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16 Jan 2006 12:00
He’s among an elite coterie of chefs who command the sort of respect usually accorded royalty, but when Thierry Marx comes to Hong Kong there’s only one place you’ll find him searching for a meal.
“I hit the street as soon as I come here,” says an excited Marx. “There is nothing like street food, especially in Asia.
It is so very important to the development of different cuisines—I get so much inspiration from the street.”
For Marx, named 2005 chef of the year by gastronomic bible Gault Millau, there is no such thing as “slumming it” when it comes to food.
“You cannot ignore what is on the street,” says the two-and-a-half-star Michelin chef, in Hong Kong for a brief spell in the kitchen at the plush Sheraton hotel’s Oyster Bar.
“That’s where new ideas are tried and tested.
The motivation behind the Chateau Cordeillan-Bages in the heart of the Bordeaux region, Marx cultivated his love of the Asian street during a four-year spell in the Tokyo kitchen of Japanese star chef Kiyomi Mikuni.
“In Japan, some of the best food is found in the small cafés and stalls that spring up throughout the city—it’s good, spontaneous, cheap and above all healthy food,” enthuses the bull-headed but soft-spoken maestro.
Marx is among a lengthening list of top French chefs that have looked to Asia for inspiration and to take advantage of the region’s growing wealth and demand for French haute cuisine.
Once dubbed the greatest chef of the 20th century, Michelin three-starred Joel Robuchon has three eateries in Tokyo and one in Macau alongside his Paris, Monte Carlo and London restaurants as his worldwide L’Atelier chain.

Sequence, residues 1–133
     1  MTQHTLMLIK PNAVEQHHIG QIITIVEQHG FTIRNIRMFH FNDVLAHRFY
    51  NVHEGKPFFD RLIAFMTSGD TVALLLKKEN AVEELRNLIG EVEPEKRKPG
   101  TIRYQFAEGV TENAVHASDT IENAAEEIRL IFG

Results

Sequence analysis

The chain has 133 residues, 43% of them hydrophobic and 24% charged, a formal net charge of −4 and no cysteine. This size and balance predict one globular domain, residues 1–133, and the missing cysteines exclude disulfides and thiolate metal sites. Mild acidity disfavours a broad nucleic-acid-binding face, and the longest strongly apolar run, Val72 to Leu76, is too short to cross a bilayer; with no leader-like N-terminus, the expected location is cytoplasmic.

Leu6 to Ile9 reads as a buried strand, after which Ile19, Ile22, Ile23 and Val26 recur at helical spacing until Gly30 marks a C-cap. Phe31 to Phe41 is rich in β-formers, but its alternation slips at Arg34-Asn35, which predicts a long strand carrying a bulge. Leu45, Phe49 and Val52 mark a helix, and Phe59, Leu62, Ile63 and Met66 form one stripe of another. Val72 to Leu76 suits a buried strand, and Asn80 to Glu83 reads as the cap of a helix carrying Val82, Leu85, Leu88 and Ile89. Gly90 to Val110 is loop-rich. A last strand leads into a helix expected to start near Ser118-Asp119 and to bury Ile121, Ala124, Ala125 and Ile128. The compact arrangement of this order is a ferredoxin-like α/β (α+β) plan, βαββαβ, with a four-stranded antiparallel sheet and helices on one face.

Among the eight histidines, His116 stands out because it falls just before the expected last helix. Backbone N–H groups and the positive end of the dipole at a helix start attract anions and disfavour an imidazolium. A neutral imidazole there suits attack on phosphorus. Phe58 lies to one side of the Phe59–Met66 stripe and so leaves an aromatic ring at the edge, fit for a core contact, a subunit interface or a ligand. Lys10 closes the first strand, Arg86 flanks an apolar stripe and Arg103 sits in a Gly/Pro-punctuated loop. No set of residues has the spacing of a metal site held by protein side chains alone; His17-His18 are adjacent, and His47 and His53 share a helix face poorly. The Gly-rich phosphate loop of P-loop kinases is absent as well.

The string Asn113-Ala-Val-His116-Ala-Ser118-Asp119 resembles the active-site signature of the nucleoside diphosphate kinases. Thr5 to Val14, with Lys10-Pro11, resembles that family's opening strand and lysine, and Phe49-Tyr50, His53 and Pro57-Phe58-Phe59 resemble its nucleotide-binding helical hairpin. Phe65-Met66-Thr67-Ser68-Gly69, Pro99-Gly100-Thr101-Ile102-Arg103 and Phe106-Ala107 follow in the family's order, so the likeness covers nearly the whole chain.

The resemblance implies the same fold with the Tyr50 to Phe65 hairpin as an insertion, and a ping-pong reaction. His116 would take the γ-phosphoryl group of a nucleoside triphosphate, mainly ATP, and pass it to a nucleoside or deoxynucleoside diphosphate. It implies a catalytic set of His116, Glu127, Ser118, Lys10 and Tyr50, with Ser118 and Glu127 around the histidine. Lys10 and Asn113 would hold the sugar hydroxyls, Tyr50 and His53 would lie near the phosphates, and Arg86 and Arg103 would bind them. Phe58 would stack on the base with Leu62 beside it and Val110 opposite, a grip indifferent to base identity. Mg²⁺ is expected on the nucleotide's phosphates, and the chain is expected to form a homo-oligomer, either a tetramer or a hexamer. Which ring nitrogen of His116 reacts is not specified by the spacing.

Nine-starred super chef Alain Ducasse has extended his Spoon franchise to Hong Kong and Tokyo to complement his top-rated businesses in Paris, Monte Carlo and New York.
And Jean-Georges Vongerichten, who spent years working in Singapore, has lent his name to restaurants in Hong Kong and Shanghai.
Although Marx has made a name for himself with robust hearty dishes like his Pauillac lamb creations, he is renowned for incorporating many of the techniques he picked up while working in Asia.
“Japanese cuisine is very similar to French cuisine in the use of ingredients and in the importance of presentation,” he explains. “There is a similar passion for food among the two as well, so it has been quite easy for me to bring the two together.”
Among his Asian-styled signature dishes are translucent slow-cooked eggs in Parmesan cheese and broth, which he adapted from a Japanese dish, and his pan-seared sea bass with oriental onion compote, which also makes liberal use of sesame oil, a popular accompaniment to many Asian cuisines.
While the variety found in Asian street food nourishes Marx’s muse, he also believes it could point the way to a solution for a growing gastronomic crisis in his European home.
“Street food in Europe now means fast food—and that usually means bad food,” he says. “If all the youngsters are going to eat is beefburgers with cheese, then the obesity problem we have will only get worse.”
He believes that if he can harness the essence of Asian street food and transplant that back to France, then the younger generation may grow used to better and more healthy dining.
“Good street food is good food,” he says. “If we can get fast food that young people eat to be better food—using fresh ingredients and not too much fat—then maybe we can produce a healthier generation of youngsters.”—AFP
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